Geriatric nursing (New York, N.Y.)

Published by Elsevier
Print ISSN: 0197-4572
Although autopsy remains the only definitive way to confirm and sometimes diagnose disease, the autopsy rate has continued to decline during the past 3 decades. Despite numerous publications citing its value, the nursing literature lacks information addressing the benefits and implications of the autopsy to nurses who provide direct care to older adults. This article provides geriatric nurses with information about the benefits, purpose, process, and barriers of autopsy to better inform nurses as they ease family concerns and assist physicians in obtaining consent for autopsy.
In the immediate hours after a person takes his or her last breath, the nurse has always been present. In the hospital or at home, under hospice care or without warning, the nurse is frequently the last to hold the hand of those transitioning from life to death. The nurse, in assuring the patient and family a peaceful transition, finds her role to include caring for the body with reverence to the religious and cultural concerns that the patient holds sacred.
This article propels the reader back in time to the mid-1800s and then journeys forward to the present day to look at the recorded knowledge of urinary incontinence (UI) and prevailing interventions of the era. A literature review was conducted to provide a historical framework for the development of theories, treatments, and interventions of UI during this period. The interventions necessitate looking at the concurrent development of medicine and the rise of nursing. A variety of sources are used to offer interdisciplinary approaches flavored with events of the time. Attitudes held toward the development of nursing under the aegis of medicine color the entire article.
A preceptor is an experienced and competent staff member who serves as a clinical role model and resource person to newly employed nursing personnel. Although this concept has been prominent since the late 1970s in acute health care settings, preceptors rarely are used in long-term care facilities. This article describes the overall effectiveness of the first long-term care preceptor program implemented at the Masonic Home of New Jersey in 1989. Conclusions will support the program as viable and beneficial to long-term care facilities by decreasing nursing turnover, providing continuity in the orientation process, promoting job satisfaction, and providing quality resident care.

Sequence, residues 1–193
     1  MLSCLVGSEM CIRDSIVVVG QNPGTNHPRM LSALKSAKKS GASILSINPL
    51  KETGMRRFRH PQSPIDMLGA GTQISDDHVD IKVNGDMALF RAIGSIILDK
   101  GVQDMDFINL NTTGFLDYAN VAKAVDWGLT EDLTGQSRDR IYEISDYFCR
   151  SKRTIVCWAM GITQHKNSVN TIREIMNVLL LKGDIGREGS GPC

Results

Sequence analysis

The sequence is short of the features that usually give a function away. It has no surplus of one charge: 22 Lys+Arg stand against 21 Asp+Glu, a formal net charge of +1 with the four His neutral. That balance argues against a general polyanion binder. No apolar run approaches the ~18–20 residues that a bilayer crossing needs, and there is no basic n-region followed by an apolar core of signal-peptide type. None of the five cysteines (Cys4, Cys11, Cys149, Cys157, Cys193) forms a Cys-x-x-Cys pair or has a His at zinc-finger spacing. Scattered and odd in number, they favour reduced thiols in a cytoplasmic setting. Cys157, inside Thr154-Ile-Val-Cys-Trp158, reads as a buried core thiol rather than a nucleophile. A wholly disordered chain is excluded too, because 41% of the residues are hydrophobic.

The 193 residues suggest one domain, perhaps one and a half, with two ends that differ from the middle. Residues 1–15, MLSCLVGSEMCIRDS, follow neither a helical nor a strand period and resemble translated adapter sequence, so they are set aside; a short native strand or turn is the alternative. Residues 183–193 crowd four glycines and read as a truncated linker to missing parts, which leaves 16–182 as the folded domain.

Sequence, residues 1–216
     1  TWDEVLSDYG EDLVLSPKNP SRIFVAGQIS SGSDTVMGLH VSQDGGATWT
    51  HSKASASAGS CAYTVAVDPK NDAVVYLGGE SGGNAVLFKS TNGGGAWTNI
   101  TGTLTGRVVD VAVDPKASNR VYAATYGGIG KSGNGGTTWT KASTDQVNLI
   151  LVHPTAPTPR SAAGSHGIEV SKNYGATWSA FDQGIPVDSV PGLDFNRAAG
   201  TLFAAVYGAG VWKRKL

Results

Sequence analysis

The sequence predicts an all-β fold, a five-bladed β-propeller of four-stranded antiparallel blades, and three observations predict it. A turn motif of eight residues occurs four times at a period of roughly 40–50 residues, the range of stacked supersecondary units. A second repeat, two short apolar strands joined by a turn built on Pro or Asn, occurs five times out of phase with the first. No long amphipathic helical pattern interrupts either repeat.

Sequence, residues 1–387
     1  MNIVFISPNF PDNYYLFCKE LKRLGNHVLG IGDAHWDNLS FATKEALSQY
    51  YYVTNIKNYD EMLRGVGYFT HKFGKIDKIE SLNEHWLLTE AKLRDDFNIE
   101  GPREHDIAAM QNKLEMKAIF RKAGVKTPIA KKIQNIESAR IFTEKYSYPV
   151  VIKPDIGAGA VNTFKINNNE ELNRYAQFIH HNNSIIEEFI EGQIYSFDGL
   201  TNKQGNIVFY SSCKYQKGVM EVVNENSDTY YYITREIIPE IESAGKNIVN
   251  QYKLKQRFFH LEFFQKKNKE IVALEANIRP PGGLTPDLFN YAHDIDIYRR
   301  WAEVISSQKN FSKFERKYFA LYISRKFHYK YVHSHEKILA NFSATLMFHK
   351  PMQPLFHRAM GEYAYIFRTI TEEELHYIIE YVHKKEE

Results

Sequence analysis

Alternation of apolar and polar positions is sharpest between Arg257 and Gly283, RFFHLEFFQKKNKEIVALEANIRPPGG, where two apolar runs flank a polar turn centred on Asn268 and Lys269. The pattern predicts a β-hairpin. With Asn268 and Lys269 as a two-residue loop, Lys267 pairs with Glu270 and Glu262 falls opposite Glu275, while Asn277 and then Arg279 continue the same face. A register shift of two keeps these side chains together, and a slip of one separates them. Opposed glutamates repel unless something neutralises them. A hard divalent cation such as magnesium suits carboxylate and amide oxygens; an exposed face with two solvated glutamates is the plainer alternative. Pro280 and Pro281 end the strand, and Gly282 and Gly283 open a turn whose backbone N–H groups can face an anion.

Geriatr Nurs 1999;20:54,56
A 6-month clinical trial was conducted to evaluate two models of restorative nursing care designed to improve mobility in nursing home residents. The models were compared on number of residents enrolled, documentation of nursing assistant (NA) compliance, and nursing staff satisfaction. The designated model, which relied on one specially trained NA to perform restorative activities on the unit, resulted in higher rates of enrollment, compliance, and staff satisfaction compared with the integrated model, which relied on regular staff NAs who were trained to incorporate restorative activities into their daily routines.
This century's first year is a good time to reflect on the health status of women. Technology and information have exploded in the past 30 years and show no signs of abating. We are entering a new century with some of the same problems that faced us in 1900. Uncontrollable infectious diseases, unacceptable morbidity and mortality rates for diseases that disproportionately affect women, and a continuing lack of funded research and reimbursement for health promotion leave women in a precarious position. Which issues are critical to address, and which technologies may be used to further improve our delivery of health care?
Studies have shown that up to 10% of the elderly drink daily and as much as 4% have alcoholism. Although many elders visit a primary care provider, the problem frequently is overlooked or misdiagnosed. We have found that primary care-based nursing is an effective treatment for older adults with alcoholism. In this article, we introduce the BRENDA model and show its effectiveness in retaining older adults in treatment. BRENDA involves biopsychosocial assessment, reporting the assessment to the patient, an empathetic approach, identified and stated patient needs, direct advice to stop or decrease alcohol consumption, and assessment of the compliance with or outcome of the direct advice. We also describe the utility of the BRENDA model for the pharmacotherapeutic treatment of addiction in late life.
The aim of this study was to investigate how overall health, participation in physical activities, self-esteem, and social and financial resources are related to life satisfaction among people aged 65 and older with reduced activities of daily living (ADL) capacity in 6 European countries. A subsample of the European Study of Adults' Well-Being (ESAW), consisting of 2,195 people with reduced ADL capacity from Sweden, the United Kingdom, the Netherlands, Luxembourg, Austria, and Italy, was included. The Older Americans' Resources Schedule (OARS), the Life Satisfaction Index Z, and the Self-Esteem Scale were used. In all national samples, overall health, self-esteem, and feeling worried, rather than ADL capacity, were significantly associated with life satisfaction. The findings indicate the importance of taking not only the reduction in functional capacity into account but also the individual's perception of health and self-esteem when outlining health care and nursing aimed at improving life satisfaction. The study thus suggests that personal rather than environmental factors are important for life satisfaction among people with reduced ADL capacity living in Europe.
Top-cited authors
Shirley Musich
Kevin Hawkins
Stephanie MacLeod
May L Wykle
  • Case Western Reserve University
Elizabeth A. Capezuti
  • City University of New York - Hunter College